Posted by: sgb on Sep 22, 2010
Is Censorship possible in the cyber age?
An article in the Cape Times (here reported in MaximumPC)this morning stated that Google will create a website listing (Transparency Report) where it has been asked (maybe forced) to censor searches. This is in response to the furore caused when Google bowed to Chinese pressure to censor results there.
This set me thinking to how censorship could work, and whether it is possible to 'lose' something (maybe your identity) in the public domain. This has become particularly relevant in South Africa with the new threatened 'Protection of Information Bill', where not only will it be illegal to report on certain specific issues, but it would be illegal to state that those specific issues exist on which you cannot report.
There are three possible ways for censorship to work:
(1) destruction of the original article and hoping references to that article are not pervasive;
(2) stopping search engines from even searching for particular items (such as an event or a name); and
(3) stopping the networks or browsers from transmitting a particular name (even if in a document) or displaying it.
1) Destruction of the original is the most complete but virtually everything that has been published on the web is available, if you know where to find it. Old news items, blogs, and articles may have been archived but are still available to searches. The problem is how to find what you want is you are not sure of the details, and only have a vague recollection of what you are looking for. As long as reporters are allowed, and have reported on the event there will be references to the article or the event, even if oblique. Your personal search strategy would have to be more subtle, a round-about way to get what you are looking for.
2) A direct halt on search engines is probably the easiest to implement, but rely on the search engine company (probably need to persuade the top 5) allowing you to put in a list of censored searches. The trick would be to just return a 'no pages found' link so no-one knows there is censorship. However, this is the easiest one to overcome if you know there is censorship, as you can play around with your search criteria. Possibly a government (or Manager with anti-freedom bias) could enforce this.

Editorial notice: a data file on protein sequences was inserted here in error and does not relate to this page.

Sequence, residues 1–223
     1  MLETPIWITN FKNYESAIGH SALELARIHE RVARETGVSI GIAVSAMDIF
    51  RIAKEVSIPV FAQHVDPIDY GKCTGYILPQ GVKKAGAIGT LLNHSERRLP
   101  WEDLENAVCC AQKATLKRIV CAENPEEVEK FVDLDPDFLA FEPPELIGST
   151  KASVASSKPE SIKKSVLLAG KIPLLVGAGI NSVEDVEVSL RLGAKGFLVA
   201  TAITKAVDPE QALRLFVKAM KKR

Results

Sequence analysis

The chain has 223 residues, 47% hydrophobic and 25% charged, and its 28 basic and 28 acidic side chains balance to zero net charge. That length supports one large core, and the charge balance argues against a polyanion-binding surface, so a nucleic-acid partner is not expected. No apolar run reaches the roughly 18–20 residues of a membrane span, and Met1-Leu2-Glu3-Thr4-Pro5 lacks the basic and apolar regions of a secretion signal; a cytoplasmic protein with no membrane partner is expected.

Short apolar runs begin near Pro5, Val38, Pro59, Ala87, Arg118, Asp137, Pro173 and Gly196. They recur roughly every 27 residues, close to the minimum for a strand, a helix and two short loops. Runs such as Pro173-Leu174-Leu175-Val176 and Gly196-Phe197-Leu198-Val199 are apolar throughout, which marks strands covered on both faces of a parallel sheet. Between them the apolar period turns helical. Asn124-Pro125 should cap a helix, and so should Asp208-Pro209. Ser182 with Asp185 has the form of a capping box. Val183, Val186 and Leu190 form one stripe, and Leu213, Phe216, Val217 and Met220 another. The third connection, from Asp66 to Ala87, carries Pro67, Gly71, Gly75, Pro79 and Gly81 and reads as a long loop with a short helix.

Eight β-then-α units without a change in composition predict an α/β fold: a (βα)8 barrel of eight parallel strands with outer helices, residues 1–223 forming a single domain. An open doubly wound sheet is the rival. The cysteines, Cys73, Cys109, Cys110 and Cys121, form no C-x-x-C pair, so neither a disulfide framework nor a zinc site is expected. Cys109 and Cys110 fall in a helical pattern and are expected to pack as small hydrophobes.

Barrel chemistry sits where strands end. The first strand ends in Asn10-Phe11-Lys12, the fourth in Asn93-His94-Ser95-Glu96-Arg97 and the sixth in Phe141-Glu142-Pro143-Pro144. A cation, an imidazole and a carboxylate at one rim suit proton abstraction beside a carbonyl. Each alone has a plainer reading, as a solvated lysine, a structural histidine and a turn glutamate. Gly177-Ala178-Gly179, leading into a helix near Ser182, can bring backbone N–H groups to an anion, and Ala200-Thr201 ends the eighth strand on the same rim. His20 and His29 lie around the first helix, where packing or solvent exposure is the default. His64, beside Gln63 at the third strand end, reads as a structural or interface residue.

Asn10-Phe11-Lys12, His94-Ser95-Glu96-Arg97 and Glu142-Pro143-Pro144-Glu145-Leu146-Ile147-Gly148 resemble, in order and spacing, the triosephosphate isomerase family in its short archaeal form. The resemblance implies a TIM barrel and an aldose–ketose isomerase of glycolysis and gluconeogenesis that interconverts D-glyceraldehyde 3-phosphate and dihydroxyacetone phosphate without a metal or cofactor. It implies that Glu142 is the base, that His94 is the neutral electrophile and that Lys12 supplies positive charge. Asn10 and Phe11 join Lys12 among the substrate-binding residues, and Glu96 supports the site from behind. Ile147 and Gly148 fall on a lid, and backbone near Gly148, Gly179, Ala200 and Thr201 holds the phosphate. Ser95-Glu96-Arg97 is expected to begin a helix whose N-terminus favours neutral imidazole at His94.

3) Halting transmission at networks is probably the easiest IF you have control of the single entry point as in China (or even here in SA if the government controlled the only line out). It would slow the net considerably as every page would need to be vetted. As to bugging browsers, again a person with a mission in a browser company could implement a patch which allows censorship. This would be quite easy, but would rely on everyone implementing the patch, and being online to accept updated censored words.
A film released in 1992 - The Net, starring Sandra Bullock - portrayed a freelance systems analyst who has her identity wiped out: credit card, drivers licence, birth certificate, by baddies who have access to the CIA database. Without the web there would be no informal references to you, so it is difficult to prove you exist.
These days to delete a person's identity you would need to put a stop to one more source: social networking sites. With one in 14 people using Facebook alone, this is a major source of information. Censor the top 3 such sites and you would probably be removed from history.
Conspiracy theory stuff this. But with Google making a play for the OS space (on PCs as well as cell phones), with it going into the social face with a Facebook competitor, and now aiming for the TV OS market, who knows. Maybe it is time for Orpheus?
Previous blogs on Technical Issues by sgb: